Like it or not, the emotional common denominator of humanity is heartbreak. But here’s some good news for anyone who's ever felt the pains of a loss or a breakup (so, everyone): A remedy for your broken heart may be right inside your medicine cabinet.
According to psychologist Walter Mischel, a few aspirin and some healthy distraction may help in mending a saddened heart. His new book The Marshmallow Test is a culmination of his lifelong research in self-control and delayed gratification. Below, a few thoughts from Mischel's book on how physical and emotional pain are linked, and how practicing self-control may in fact be a better remedy for heartbreak than comfort food and bad sappy cinema.
"TAKE TWO ASPIRIN AND CALL ME IN THE MORNING"
In 2011, Mischel’s team presented extraordinary findings about the way we perceive physical and emotional pain. In this study, Mischel and his team showed people who had recently experienced unwanted breakups pictures of their ex-lovers, and in another experiment subjected them to physical pain through thermal stimulation on their forearms.
Using functional MRI equipment, the researchers found that the same areas of the brain were stimulated in both scenarios. "These results give new meaning to the idea that rejection 'hurts,'" says the study. "They demonstrate that rejection and physical pain are similar not only in that they are both distressing —they share a common somatosensory representation as well."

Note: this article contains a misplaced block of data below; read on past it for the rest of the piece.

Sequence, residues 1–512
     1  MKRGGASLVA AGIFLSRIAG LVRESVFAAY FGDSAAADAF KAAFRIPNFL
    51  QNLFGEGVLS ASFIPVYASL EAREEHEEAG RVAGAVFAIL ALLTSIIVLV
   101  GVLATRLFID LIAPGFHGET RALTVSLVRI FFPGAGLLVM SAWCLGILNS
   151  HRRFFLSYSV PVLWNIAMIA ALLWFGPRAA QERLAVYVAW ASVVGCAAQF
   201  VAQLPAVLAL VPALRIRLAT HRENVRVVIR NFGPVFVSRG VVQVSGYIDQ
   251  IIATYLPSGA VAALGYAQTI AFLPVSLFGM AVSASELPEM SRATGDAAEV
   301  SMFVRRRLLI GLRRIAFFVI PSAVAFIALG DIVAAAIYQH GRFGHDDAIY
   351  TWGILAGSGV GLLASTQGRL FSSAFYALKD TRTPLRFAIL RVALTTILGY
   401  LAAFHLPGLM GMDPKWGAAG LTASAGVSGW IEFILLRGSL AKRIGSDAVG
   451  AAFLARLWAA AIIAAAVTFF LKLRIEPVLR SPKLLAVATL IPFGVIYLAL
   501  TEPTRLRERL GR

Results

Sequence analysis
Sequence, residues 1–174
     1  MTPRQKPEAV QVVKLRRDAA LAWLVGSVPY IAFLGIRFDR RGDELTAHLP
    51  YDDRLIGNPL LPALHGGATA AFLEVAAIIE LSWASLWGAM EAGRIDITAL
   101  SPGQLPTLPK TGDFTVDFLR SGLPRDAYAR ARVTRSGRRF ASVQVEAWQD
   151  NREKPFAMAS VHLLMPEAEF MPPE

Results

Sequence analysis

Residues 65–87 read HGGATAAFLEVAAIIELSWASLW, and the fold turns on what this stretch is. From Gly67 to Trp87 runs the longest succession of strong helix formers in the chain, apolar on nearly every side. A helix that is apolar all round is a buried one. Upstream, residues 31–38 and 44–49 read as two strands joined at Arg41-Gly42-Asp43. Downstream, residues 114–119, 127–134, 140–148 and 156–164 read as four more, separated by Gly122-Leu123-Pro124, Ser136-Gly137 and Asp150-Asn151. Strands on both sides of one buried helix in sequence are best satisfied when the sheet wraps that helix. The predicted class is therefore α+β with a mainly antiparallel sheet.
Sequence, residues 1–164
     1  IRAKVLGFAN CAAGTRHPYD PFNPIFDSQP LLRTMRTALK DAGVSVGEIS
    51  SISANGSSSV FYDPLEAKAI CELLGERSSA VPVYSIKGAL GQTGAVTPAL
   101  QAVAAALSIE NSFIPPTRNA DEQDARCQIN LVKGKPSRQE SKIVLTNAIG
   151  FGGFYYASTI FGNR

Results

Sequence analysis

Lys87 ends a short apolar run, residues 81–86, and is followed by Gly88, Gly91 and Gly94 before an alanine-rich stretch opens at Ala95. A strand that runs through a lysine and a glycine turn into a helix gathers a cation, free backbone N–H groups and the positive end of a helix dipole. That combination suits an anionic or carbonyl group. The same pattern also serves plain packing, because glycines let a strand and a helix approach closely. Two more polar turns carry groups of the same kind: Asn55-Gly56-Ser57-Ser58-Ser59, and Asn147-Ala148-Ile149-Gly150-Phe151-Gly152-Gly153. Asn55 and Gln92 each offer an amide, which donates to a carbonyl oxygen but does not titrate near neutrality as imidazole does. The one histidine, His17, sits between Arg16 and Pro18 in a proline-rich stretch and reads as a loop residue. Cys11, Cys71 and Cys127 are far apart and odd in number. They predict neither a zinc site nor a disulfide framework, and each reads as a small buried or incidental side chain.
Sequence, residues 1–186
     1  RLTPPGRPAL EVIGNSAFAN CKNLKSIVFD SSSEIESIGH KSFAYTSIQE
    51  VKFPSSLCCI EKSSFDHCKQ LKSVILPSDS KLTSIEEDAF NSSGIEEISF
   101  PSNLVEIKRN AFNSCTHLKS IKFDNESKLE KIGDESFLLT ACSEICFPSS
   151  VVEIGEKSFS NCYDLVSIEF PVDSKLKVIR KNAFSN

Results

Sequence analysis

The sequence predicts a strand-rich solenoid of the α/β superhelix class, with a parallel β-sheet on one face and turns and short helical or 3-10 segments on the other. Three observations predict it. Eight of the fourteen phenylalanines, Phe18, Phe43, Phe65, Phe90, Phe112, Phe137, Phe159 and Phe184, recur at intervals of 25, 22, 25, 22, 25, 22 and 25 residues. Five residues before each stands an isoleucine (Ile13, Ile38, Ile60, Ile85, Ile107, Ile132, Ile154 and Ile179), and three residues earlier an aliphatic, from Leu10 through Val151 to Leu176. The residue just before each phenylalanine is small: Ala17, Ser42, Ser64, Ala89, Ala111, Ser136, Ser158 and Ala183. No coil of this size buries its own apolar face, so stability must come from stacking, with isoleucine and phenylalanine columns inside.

So those timeworn heartache metaphors of physical hurt? Scientifically, they may not be so far off base. Mischel says that the "take two aspirin and call me in the morning" approach, while cold, may actually be a healthy response to a friend bemoaning a freshly broken heart.
FIND A HEALTHY DISTRACTION
In his Stanford Marshmallow Test, Mischel and his team studied the responses in 3- to 5-year-old children who were asked to think about “sad thoughts” and “fun things” while waiting for a marshmallow reward. Thinking “sad thoughts” while waiting for the reward made the delay time while waiting for the treat seem significantly longer. However, when distracted from their end goal of receiving a reward by engaging in other activities, he found, “cognitions about the rewards significantly reduced, rather than enhanced, the length of their delay of gratification.”
Basically, out of sight, out of mind may have some significant sway in piecing yourself back together post-heartbreak.
Mischel adds that ruminating on the sad or negative experiences associated with heart break, shockingly, don't actually help the healing process. In fact, he says, brooding actually makes matters worse. Each times a person recounts their troublesome experience, he or she becomes further depressed. Objectively self-distancing oneself from the issue, in this case, is the healthiest way to move forward.
In summary: Ditch the wallowing, pop an ibuprofen, and find a new hobby. There are plenty of fish in the sea.